As Intern with Tertill, Max Prescott Tests Solar-Powered Robot at UML Greenhouse

A male student holds a small green robot to the camera while standing in front of a greenhouse Image by Ed Brennen
Mechanical engineering major Max Prescott has been putting the solar-powered Tertill garden weeding robot to the test at the Rist Urban Agriculture Farm on East Campus.

By Ed Brennen

On a sunny Friday afternoon in early December, mechanical engineering major Max Prescott takes notes as he watches a solar-powered garden weeding robot, about the size of a waffle maker, whir up a dirt incline at the Rist Urban Agriculture Farm on East Campus.

Prescott is testing the robot’s performance on slopes as part of his internship with Tertill, a startup company based in North Billerica, Massachusetts.

“It’s definitely a one-of-a-kind internship,” says Prescott, a junior from Dunstable, Massachusetts, who has been interning with Tertill since last spring. “It's nice to have a well-rounded internship that has hands-on applications.”

Equipped with a small, spinning weed whacker on its underside and sensors to help it navigate around a framed-in garden bed, the Tertill robot bears a striking resemblance to Roomba, the popular autonomous vacuum made by Bedford, Massachusetts-based iRobot. That’s no surprise, considering that Tertill was co-founded by Joe Jones, who was iRobot’s first full-time hire and helped invent the Roomba.

Jones launched Tertill via Kickstarter in 2017 and began selling the gardening robots online two years later. In September 2020, iRobot’s co-founder and former president, Helen Greiner, joined Tertill as CEO. The company has been featured in Forbes, the Wall Street Journal and Better Homes and Gardens, and sales of the $349 robot jumped more than 600% in 2020, according to Greiner.

A male student squats next to a patch of dirt while watching a green robot go down an incline Image by Ed Brennen
Tertill intern Max Prescott takes notes on the robot's performance on a temporary test bed he built at the Rist Urban Agriculture Farm.

Prescott landed the internship through a family friend who works for the company. He worked about 20 hours a week from home over the summer, testing the robot to determine the maximum area it can cover in his family’s garden (answer: about 200 square feet).

“I was scattering weed seeds all over the garden, scaling up the tests,” says Prescott, who explains that Tertill distinguishes between weeds and plants based on their height (it comes with special collars to put around new plants less than an inch tall).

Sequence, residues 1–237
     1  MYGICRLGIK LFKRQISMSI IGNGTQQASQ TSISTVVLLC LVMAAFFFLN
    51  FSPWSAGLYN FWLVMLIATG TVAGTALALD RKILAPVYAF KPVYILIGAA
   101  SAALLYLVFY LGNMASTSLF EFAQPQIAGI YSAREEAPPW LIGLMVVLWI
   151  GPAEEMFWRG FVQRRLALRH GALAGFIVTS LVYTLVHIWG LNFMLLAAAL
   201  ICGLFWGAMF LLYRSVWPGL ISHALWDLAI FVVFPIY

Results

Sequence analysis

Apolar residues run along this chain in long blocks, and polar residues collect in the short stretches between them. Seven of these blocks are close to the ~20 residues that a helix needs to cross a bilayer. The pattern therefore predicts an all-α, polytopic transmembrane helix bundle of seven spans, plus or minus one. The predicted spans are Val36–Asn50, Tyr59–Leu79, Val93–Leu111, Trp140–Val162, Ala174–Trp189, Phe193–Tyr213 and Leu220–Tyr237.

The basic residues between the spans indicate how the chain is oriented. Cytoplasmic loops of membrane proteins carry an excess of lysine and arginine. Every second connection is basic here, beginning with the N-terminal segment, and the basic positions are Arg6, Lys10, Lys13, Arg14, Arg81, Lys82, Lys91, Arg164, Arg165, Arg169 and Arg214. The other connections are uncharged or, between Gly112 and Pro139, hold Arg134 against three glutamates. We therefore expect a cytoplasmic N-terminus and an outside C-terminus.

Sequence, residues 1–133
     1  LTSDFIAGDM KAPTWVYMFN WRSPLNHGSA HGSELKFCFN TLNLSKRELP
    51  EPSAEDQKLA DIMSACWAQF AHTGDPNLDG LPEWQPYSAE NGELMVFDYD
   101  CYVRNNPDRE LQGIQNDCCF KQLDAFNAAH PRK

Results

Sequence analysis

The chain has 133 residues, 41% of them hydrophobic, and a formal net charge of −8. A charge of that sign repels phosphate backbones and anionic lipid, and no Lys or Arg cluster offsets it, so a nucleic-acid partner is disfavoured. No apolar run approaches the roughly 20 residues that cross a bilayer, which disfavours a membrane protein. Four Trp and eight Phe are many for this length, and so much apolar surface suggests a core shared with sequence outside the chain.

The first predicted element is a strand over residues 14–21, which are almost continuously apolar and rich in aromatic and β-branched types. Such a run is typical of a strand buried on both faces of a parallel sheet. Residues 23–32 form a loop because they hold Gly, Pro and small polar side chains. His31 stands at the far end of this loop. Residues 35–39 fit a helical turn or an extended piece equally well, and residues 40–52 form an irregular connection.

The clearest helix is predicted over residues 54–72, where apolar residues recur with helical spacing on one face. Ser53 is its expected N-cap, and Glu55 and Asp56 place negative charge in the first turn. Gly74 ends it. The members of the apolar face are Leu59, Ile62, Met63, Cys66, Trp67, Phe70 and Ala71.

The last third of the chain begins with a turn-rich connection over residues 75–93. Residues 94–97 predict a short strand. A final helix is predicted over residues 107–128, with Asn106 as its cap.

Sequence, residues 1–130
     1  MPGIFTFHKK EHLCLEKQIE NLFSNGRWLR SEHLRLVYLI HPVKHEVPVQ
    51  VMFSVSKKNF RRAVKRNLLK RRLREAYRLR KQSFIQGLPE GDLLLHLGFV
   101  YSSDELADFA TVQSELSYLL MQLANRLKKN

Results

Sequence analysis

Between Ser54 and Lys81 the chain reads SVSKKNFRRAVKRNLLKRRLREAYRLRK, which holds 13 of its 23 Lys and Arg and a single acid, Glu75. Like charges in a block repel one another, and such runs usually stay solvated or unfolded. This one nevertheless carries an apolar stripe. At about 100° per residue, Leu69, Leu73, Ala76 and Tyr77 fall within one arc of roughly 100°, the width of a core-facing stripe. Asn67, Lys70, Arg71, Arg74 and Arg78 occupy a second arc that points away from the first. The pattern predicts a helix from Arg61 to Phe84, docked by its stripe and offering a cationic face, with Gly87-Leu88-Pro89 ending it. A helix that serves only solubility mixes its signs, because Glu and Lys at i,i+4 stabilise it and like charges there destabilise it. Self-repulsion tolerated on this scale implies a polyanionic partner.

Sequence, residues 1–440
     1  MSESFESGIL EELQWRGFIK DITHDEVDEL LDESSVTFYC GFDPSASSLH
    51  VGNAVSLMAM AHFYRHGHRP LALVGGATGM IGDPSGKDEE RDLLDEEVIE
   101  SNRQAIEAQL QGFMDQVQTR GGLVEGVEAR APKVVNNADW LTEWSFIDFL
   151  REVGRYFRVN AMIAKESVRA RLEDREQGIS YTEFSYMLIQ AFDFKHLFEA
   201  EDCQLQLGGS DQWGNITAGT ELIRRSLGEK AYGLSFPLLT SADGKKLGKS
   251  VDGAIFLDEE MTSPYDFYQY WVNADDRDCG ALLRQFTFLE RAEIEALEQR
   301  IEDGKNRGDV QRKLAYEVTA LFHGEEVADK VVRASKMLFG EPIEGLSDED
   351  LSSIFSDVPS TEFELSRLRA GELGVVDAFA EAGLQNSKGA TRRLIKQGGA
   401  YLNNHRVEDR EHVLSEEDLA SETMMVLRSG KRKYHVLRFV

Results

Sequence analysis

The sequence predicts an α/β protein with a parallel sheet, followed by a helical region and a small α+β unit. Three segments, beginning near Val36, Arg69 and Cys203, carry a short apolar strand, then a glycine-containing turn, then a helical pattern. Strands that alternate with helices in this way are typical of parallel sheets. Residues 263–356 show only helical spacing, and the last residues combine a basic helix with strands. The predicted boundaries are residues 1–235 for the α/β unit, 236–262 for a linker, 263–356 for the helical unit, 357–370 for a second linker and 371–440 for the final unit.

When he returned to campus this fall, Prescott went to the Office of Sustainability and asked if he could continue with his testing at the Rist Urban Agriculture Farm. He was allowed to build a small test bed in the outdoor garden adjacent to the greenhouse and work there for several weeks.

“It’s great to see a student like Max working on real-world solutions right here on campus,” says Ruairi O’Mahony, executive director of the Rist Institute for Sustainability and Energy. “When we opened the greenhouse site four years ago, we envisioned it being used as a living lab for energy-efficient, sustainable agriculture projects such as this.”

Prescott, who plans to add a robotics minor, says he’s been able to apply what he’s learning in the classroom to his internship work, which he’s continued part-time during the school year.

A male student shows a small robot to a woman wearing a red shall Image by Ed Brennen
Max Prescott shows a Tertill garden weeding robot to Suzzanne Cromwell, marketing and publicity coordinator for Mill City Grows, an urban farming nonprofit in Lowell.

“There’s a lot of 3D modeling, SolidWorks design and even working with barrier-detecting sensors,” he says. “A lot of the work is related to classes I’ve taken in thermodynamics and materials science. I’ve even discussed some of the work I’ve done with my professors.”

Prescott says he’s already been asked to stay on as an intern through this spring and summer, which he’s eager to do. He goes into the company’s North Billerica offices for weekly meetings with its dozen or so employees, and he enjoys the autonomy he’s given on projects.

“There aren’t a lot of strict guidelines when I get a project. They give me the opportunity to figure out how to get it done,” he says.

“There’s a lot of real-world applications that this internship has given me, which is really great,” he adds. “And it’s nice to be outside, soaking up the sun and getting some fresh air.”